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Black Belt Mixology

Kara Newman - April 2010

Western bartenders are embracing the art and mystique of Japanese bar culture.

It's now possible to have a truly Japanese glass-of-whiskey experience without setting foot in the Land of the Rising Sun.

For starters, skip the Scottish Scotch and look for a Japanese brand, perhaps Suntory Yamazaki single malt. Expect the bartender to demonstrate the Japanese ritual of presenting the bottle: open it, wipe off any moisture, and in a fluid motion, gracefully present it, the label always facing the customer. If you're especially lucky, you may have the opportunity to witness the dramatic Japanese art of hand-carving ice into a large, perfectly polished ball, although round ice molds or a fancy machine may also accomplish the trick. Watch as the whiskey is gently poured over the rounded ice, and then swirled to chill, using an elegant, extra-long bar spoon with a trident on one end, an import from Japan.

Western bartenders are having a love affair with Japan's bar culture, bringing tools and techniques like the "hard shake" to bars across North America and Europe. And this trend is poised to grow quickly--especially once a key cocktail book written by Japanese master bartender Kazuo Uyeda, of Tokyo's Tender Bar, has been translated into English and published in the United States.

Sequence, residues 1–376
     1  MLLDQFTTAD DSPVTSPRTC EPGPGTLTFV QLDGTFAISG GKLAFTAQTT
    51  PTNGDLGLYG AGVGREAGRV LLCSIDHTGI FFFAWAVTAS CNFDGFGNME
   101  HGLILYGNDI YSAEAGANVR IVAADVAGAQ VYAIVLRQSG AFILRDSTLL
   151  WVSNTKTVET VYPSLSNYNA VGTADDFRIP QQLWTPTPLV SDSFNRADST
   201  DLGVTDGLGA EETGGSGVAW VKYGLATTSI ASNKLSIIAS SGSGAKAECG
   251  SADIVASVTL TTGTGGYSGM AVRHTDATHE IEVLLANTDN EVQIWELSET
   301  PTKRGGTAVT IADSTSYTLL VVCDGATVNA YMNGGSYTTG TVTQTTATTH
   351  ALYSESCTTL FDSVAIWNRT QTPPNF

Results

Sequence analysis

Cocktail Kingdom, an online purveyor of barware and reproductions of vintage cocktail books operated by Greg Boehm of Mud Puddle Books (see "Old Acquaintance, Unforgot," Food Arts, April 2009, page 53), last year purchased the English language rights to Uyeda's detailed book, Cocktail Technique. Translation began in November, and the book will be rushed out for publication in May. Uyeda will lead a two-day event to celebrate the release (see Events Calendar). His philosophy can be summed up in this excerpt from the chapter "The Way of the Cocktail"

…the flavor of the cocktail is a result not only of the actions taken by the bartender in mixing the cocktail, but also of the way the human brain works. For example, guests tend to be extremely aware of the cleanliness of bartenders and of their personalities. So, the clothes you wear, your manner of speaking, how you look at people, your focus, your hygiene--all of these things go into creating flavor. If, for whatever reason, a guest decides that he doesn't want a particular bartender to mix his drinks, then any cocktail that bartender serves him will, without a doubt, taste subpar, and the customer will probably never visit that bar again.

"What's admirable about Japanese bartending isn't the innovation, it's the refinement," explains Joaquin Simo, bartender at Death & Co. in New York City. "They take what we consider minutiae and extract differences from them, which is useful for bartending."

Consider, for example, the attention paid to cocktail-shaking techniques. Japanese mixology features seven different ways to shake cocktails, each with a specific impact on the temperature, texture, and body of the finished drink. The hard shake, created by Uyeda and popularized in the United States by Eben Freeman, former front man for the now-defunct Tailor in New York City, employs a figure eight movement. "It makes ice turn over on itself," Simo describes, "which shaves off the edges of the cubes and shapes them into spheres of ice, also creating a controlled dilution rate." The technique also produces the desirable blanket of ice shards floating atop a cocktail.